From Bias and Blame to Balance

Sensitive Style for Covering Sexual Violence

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By Karen Yin • June 7, 2017

 

News stories about sexual violence demand greater sensitivity in their details, portrayals, and narratives than do stories unrelated to trauma. Much has been written about the retraumatization of victims and survivors who, when they come forward, are subjected to blame, suspicion, and dismissal by the healthcare and criminal justice systems supposedly advocating for them.

When misconceptions prevail about what constitutes rape, who can be raped, who rapes, and who can prevent rape, editors can minimize unfair and inaccurate media coverage of sexual assault by flagging biased reporting and words that shift blame to the victim.

Editors can minimize unfair and inaccurate media coverage of sexual assault by flagging biased reporting and words that shift blame to the victim.

Watch out for:

Excluded portrayals. Start by asking why the story is being told. Does it fairly represent women of color, trans people, and bisexual people—the communities disproportionately affected by sexual violence? Does the story break or preserve an existing pattern of unbalanced coverage?

Dehumanizing language. Instead of portraying offenders as monsters and creating a false separation between real rapists and the stereotype, acknowledge that they look and act like everybody else. However, don’t characterize someone accused of sexual violence as a frat boy who made a mistake, a respectable do-gooder, or “the real victim” whose life will be altered by a conviction. Along with trivializing the crime, it erases the victim and the impact of the trauma on their livelihood.

Victim-blaming language. Question irrelevant or gendered descriptions of the victim; being attractive, drunk, flirty, promiscuous, or all of the above doesn’t make the victim deserving of sexual assault. Neither does being a sex worker, being the perpetrator’s spouse, or having a criminal record. Also, beware of overuse or poor use of alleged. Because it casts doubt that a crime took place at all, some writers and editors avoid alleged victim altogether.

Loaded language. Saying the victim admitted or confessed something assumes shame or secrecy. Use said.

It is never appropriate to say that a child engaged in or participated in sex with an adult or to use the term child prostitute.

Passive language. Passive constructions—She was raped—emphasize what’s being done and either omit mention of a perpetrator or tag it on at the end (by her father). Instead, use active voice to assign responsibility: Her father raped her.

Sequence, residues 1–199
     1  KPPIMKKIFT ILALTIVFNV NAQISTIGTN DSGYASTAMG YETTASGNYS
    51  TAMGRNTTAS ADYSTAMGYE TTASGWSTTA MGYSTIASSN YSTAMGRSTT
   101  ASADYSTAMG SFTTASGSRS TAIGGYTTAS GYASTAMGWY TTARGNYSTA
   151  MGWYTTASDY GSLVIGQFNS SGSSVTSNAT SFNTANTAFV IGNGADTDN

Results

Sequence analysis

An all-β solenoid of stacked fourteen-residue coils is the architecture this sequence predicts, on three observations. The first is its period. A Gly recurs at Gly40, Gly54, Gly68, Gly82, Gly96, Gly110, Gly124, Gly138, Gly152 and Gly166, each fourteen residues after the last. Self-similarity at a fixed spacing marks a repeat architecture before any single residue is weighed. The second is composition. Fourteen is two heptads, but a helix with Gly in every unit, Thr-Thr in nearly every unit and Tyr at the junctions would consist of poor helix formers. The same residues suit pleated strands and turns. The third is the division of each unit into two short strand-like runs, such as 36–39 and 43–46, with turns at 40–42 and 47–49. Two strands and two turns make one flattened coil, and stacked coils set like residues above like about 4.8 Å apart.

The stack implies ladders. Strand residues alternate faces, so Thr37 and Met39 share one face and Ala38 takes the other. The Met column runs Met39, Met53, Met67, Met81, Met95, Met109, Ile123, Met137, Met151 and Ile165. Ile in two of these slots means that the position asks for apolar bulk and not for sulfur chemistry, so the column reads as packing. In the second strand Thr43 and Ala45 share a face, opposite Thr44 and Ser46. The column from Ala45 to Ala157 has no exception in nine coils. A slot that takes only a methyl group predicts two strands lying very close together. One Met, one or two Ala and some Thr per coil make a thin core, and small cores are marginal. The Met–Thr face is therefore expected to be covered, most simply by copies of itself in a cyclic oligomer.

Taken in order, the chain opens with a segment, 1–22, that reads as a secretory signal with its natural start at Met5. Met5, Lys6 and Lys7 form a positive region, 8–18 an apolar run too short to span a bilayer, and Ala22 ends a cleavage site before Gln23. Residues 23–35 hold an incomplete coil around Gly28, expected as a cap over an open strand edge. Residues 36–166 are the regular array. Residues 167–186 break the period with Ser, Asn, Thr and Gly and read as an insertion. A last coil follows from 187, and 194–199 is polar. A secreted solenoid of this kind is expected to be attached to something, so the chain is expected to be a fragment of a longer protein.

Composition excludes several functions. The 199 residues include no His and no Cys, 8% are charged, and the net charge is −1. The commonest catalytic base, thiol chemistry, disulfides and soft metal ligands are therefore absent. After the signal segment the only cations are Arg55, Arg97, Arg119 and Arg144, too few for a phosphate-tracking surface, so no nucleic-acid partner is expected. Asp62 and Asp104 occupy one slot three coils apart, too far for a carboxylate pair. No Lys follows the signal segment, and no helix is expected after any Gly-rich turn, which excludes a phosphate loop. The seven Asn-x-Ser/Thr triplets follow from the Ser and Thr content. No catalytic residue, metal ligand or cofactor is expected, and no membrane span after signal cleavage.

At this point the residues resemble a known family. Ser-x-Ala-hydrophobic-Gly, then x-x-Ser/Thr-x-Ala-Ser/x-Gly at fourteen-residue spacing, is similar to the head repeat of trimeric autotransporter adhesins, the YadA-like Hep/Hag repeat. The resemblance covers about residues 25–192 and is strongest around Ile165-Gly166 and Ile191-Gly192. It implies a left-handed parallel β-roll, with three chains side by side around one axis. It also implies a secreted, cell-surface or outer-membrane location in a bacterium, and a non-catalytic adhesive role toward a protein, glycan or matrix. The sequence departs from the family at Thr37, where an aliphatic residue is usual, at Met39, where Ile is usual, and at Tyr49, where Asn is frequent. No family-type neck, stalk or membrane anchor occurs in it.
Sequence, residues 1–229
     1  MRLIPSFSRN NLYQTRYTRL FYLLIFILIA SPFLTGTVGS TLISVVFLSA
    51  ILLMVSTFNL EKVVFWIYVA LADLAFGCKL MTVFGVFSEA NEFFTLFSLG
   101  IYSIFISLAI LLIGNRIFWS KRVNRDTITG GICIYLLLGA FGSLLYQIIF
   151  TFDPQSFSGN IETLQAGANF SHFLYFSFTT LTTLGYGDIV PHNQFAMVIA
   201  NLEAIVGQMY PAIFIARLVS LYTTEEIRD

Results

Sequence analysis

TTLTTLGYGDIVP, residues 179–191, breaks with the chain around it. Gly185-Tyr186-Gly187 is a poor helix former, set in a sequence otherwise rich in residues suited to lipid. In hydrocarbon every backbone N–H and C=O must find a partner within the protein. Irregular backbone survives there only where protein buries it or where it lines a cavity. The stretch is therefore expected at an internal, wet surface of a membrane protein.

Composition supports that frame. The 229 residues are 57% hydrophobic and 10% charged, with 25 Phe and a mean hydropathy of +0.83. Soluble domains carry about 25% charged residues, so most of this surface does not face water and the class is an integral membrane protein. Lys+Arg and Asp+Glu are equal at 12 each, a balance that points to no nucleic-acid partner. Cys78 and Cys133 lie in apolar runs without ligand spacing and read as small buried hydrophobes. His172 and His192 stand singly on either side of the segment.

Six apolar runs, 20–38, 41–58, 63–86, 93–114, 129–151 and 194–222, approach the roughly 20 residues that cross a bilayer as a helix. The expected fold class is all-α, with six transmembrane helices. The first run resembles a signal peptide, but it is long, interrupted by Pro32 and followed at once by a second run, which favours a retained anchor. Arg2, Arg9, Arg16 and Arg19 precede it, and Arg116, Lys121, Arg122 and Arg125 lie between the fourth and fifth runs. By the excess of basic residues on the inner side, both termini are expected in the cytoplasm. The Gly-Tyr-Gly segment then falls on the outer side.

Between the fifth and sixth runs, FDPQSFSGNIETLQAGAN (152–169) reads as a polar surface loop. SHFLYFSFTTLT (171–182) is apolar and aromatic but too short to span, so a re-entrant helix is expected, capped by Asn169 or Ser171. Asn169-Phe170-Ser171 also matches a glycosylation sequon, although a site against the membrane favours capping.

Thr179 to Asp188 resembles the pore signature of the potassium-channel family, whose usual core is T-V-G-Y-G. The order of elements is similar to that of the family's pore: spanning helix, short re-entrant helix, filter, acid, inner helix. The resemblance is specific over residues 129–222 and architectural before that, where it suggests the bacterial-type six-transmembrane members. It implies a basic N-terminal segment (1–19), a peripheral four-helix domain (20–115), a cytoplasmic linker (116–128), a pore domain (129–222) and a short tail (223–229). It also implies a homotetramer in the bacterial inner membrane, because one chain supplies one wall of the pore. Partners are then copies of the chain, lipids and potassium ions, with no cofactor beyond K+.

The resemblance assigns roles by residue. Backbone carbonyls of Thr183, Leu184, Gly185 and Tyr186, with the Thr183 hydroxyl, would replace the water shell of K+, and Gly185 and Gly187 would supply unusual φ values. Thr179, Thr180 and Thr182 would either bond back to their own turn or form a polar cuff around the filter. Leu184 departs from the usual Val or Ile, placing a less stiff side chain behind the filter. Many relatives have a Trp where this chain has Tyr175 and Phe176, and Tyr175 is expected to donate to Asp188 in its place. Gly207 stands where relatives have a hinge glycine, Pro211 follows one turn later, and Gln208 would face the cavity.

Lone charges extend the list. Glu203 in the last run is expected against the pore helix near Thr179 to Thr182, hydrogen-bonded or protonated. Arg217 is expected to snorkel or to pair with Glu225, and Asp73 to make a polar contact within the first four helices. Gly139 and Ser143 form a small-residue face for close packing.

Euphemistic language. Choose appropriate words for conveying the severity of the crime, and don’t shy from stark language to describe sexual violence. He forced his penis into her mouth, not She performed oral sex, which suggests that the victim initiated the act voluntarily. Domestic dispute calls to mind a squabble between equals, whereas intimate partner violence involves a primary aggressor and a pattern of aggression. When in doubt, use legal, clinical, or police-report terminology (see Resources below).

Vague or ambiguous language. Be specific without being gratuitous. Readers benefit from comprehending the gravity of the offense. Instead of molested or sexually assaulted, clarify: She forced him to penetrate her.

Pleasurable or consensual language. Don’t make sexual assault sound fun or erotic—it’s not consensual. Rape, not sex. Oral rape, not oral sex. Underwear, not panties. Forcibly touched, not fondled. Because minors can’t legally give consent, it is never appropriate to say that a child engaged in or participated in sex with an adult or to use the term child prostitute.

Entertaining or sensational language. Calling a crime of a sexual nature a scandal or controversy ignores the violence at its core in the interest of clicks and sales. Avoid sensationalizing.

Don’t accuse victims of triggering their own assaults.

Lastly, resist automatically replacing victim with survivor. Some victims don’t survive, and some survivors prefer victim. Reflect their chosen terminology whenever possible, including using pronouns and different names for publication purposes. The through line in reporting rape must be that it can happen to anyone and that rapists are responsible for their actions. Don’t accuse victims of triggering their own assaults.

Resources:

Karen has long wavy hair and is smiling into the camera. She's wearing a gray T-shirt and an aquamarine pendant.Karen Yin is the founder of Conscious Style Guide, a resource for inclusive, empowering, and respectful language, and AP vs. Chicago, an irreverent language blog for anyone who “gives a dollar sign, ampersand, exclamation point, and pound sign about style.” Winner of the 2017 Robinson Prize for furthering the craft of professional editing, Karen writes the style column for Copyediting and has given presentations on LGBTQ terminology, sexist language, racist language, and androgyny.

karenyin.com

Note: This article originally appeared in the April/May 2017 issue of Copyediting newsletter and is reproduced with permission from the Pilcrow Group.

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